How One Math Project Inspired A Dozen Architecture Careers

In Summit Learning, students spend the majority of class time in project-based learning, deeply immersed in real-world scenarios. So just what is a real-world scenario?

For 6th grade science students, it means using researching and testing ways to use geoengineering to combat climate change.

For 7th grade English students, it means using argumentative claim to write a letter to a local leader to stand up for an injustice in their community.

For Carl Stalla‘s 8th grade math students in Chicago, it means becoming an architect and designing their dream home.

Listen to Stalla talk about his dream home project in this YouTube video. 

In the Dream Home project, 8th graders apply geometry and personal finance knowledge to design and budget for their dream home. Stalla, a math teacher at Chicago Public Schools’ Lee Elementary for 15 years, created the project to force students to think about their future beyond the classroom — not only drawing the blueprints, but envisioning a path to buying the home someday.

From Home Builder to Math Teacher

Prior to teaching, Stalla built homes in Naperville, Illinois for a living. He decided to bring that expertise to the classroom. Teaching is his way of paying it forward, he says.

“Math can be boring, it can be worksheets,” Stalla says. “I try to make it more lively.”

In the project, students imagine they are college graduates with their first job, on the market for their first home. After browsing blueprints on House Plans, an online collection of ready-made architectural plans, students pick one and divide the image into 2×2-inch boxes. Students then use proportional relationships to transfer the design to architectural paper, divided into 4×4-inch boxes. The top half of the architectural paper features the exterior design of the home, the bottom half is reserved for floor plan design.

“We’re talking about geometry, we’re talking about angles, proportions,” he says. “There’s a ton of math that goes into these drawings. And the kids are so engaged in it.”

Why are they engaged?

“Because it’s their house, it’s their home, it’s their dream,” Stalla says. “It’s their life they are going after. It’s a reminder to go to college, to get that job. It’s a reminder that there’s a big world out there and to go out and get it.”

Projects That Mimic A Student’s Future

Stalla hopes by the end of the project, students will be able to align their daily schoolwork with future work ambitions.

“They leave 8th grade with a dream home in their pocket and a plan to get there,” he says, adding that many students come back to tell him they still have their house plan on their bedroom wall, some of them framed by their parents.

Some of Stalla’s former students took the real-world project and made it a reality of their own.

Checking in with alumni last year,
Stalla found that 12 of his former students
are pursuing careers in architecture
thanks to the Dream Home project.

One former student went on to the University of Wisconsin with a full scholarship and upon graduating and securing her first job, made her dream home a reality. She came back to share the news with Stalla.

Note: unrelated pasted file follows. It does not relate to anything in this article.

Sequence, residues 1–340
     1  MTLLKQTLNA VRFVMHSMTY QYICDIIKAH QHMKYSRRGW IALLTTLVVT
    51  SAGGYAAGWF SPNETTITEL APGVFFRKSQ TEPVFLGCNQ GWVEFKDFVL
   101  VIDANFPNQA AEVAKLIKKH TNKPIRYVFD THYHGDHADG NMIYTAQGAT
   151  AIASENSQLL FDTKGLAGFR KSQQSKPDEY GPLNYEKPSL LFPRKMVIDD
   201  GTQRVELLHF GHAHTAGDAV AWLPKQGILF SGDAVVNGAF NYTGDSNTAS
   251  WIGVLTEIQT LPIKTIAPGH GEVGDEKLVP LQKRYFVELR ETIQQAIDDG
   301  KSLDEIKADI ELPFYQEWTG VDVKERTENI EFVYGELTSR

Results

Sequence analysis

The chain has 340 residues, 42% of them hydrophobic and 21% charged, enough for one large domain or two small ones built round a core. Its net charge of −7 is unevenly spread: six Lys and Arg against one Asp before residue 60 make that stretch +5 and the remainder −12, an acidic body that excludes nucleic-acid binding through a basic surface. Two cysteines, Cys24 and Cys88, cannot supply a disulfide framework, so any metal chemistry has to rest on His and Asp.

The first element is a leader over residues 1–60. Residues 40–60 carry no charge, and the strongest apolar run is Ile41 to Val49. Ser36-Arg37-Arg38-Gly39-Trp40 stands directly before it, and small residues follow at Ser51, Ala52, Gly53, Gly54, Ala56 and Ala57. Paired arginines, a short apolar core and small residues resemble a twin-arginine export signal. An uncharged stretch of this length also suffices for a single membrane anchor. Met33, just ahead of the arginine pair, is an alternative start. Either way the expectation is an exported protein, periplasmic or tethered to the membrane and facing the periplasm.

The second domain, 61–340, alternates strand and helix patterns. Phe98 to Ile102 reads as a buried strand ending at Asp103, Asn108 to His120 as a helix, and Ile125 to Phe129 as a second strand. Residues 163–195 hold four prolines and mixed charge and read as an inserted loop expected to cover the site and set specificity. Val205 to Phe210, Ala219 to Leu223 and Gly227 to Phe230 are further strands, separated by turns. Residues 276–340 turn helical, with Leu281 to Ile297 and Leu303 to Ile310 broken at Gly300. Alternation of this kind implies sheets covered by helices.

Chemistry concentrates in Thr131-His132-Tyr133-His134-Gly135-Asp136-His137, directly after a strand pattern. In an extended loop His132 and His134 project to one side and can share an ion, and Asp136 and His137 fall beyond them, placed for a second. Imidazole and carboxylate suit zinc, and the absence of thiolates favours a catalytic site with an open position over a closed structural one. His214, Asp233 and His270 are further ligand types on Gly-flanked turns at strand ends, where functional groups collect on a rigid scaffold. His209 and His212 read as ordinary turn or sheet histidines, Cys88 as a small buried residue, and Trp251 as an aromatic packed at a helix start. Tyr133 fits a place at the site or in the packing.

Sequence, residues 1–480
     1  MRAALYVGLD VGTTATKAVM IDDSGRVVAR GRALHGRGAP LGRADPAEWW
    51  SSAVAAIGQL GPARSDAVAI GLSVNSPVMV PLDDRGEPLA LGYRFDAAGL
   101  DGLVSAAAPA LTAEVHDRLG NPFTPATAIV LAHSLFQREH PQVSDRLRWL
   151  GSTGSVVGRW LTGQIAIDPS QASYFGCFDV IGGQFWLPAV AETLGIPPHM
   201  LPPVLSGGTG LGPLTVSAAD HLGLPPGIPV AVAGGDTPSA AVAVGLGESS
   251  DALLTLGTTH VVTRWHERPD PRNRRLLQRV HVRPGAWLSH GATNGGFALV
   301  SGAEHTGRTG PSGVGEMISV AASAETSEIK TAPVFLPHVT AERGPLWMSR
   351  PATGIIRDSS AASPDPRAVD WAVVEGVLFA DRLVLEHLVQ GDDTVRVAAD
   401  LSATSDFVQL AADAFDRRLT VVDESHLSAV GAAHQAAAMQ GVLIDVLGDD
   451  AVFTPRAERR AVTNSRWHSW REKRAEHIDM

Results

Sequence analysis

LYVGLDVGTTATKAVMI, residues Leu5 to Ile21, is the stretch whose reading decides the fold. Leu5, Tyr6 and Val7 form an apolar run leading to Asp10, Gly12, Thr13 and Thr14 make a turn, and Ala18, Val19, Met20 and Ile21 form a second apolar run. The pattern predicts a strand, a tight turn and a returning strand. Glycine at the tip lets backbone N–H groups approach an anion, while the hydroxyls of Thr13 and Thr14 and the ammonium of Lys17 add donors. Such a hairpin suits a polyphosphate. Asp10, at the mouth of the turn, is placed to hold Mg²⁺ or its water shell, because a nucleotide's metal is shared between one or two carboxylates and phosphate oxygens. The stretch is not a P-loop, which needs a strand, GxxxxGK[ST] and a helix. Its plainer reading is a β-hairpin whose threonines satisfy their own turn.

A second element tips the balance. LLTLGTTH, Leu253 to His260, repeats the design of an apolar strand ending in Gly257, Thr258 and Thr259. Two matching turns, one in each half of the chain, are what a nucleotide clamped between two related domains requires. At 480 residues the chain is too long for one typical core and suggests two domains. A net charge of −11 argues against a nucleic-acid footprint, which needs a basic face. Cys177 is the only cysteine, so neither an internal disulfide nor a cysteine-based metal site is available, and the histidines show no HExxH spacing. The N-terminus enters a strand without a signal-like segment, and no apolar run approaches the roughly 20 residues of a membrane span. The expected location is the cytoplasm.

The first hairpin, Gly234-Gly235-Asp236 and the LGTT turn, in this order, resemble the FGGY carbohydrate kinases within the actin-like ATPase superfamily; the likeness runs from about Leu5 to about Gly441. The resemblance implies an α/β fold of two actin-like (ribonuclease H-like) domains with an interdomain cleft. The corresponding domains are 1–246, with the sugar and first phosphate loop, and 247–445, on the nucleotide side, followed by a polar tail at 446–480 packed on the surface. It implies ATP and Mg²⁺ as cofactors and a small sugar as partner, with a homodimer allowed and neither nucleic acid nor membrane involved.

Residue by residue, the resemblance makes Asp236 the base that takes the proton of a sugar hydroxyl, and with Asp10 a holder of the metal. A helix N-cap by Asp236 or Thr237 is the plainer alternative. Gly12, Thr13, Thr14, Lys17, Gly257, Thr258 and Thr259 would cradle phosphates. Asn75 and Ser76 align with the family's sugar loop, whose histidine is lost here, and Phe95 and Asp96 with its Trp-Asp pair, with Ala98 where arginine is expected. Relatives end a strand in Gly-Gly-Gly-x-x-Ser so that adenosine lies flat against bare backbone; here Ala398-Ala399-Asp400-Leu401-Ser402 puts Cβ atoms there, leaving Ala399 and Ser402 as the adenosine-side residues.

“It gave me the chills,” he says.

The Dream Home Project, created by Chicago Public Schools teacher Carl Stalla, is an example of how teachers can adapt the Summit curriculum for their classroom’s individual needs.

Adapting Your Existing Curriculum To The Summit Learning Platform

The Summit Learning Platform houses more than 200 projects and includes a series of built-in checkpoints from teachers, peers, and self. Teachers can choose from these projects depending on their curriculum requirements and student needs. But if you’re a seasoned teacher, that doesn’t mean you have to abandon the curriculum and projects you’ve developed on your own.

Stalla taught the Dream Home project for more than a decade, but when his school, Lee Elementary, implemented Summit Learning last year, he adapted his project for the Summit Learning Platform. Stalla’s colleague, Language Arts teacher Kathleen Bourret, also loves the ability to import her own curriculum to the Platform.

“I can make the program work for me,” Bourret says. “Once I started realizing that I can take the units I’ve created and put them on the platform, I fell even more in love with Summit.”

Stalla says teaching the project with the Summit Learning model is much smoother. Previously, he struggled with covering all the necessary geometry concepts before starting the project.

“Summit has everything in the math concept units that I need to teach before we start the drawings,” he says. “It’s a continual flow.”

Do you have a Summit Learning Project you would like featured on the blog? Share your Summit story with us! Stay tuned on the blog as we continue to feature more project-based learning in action in our showcase school series.

About the author

Katie McNeil
Katie is a storyteller at Summit Public Schools, shining a spotlight on inspirational stories from the Summit Learning community. She started her career in journalism, covering K-12 education in the Bronx. Katie won a feature writing award from the Education Writers Association for her higher ed coverage in Utah. Before arriving at Summit, she earned a master's degree in educational technology from Teachers College, Columbia University and a New York State teaching certification.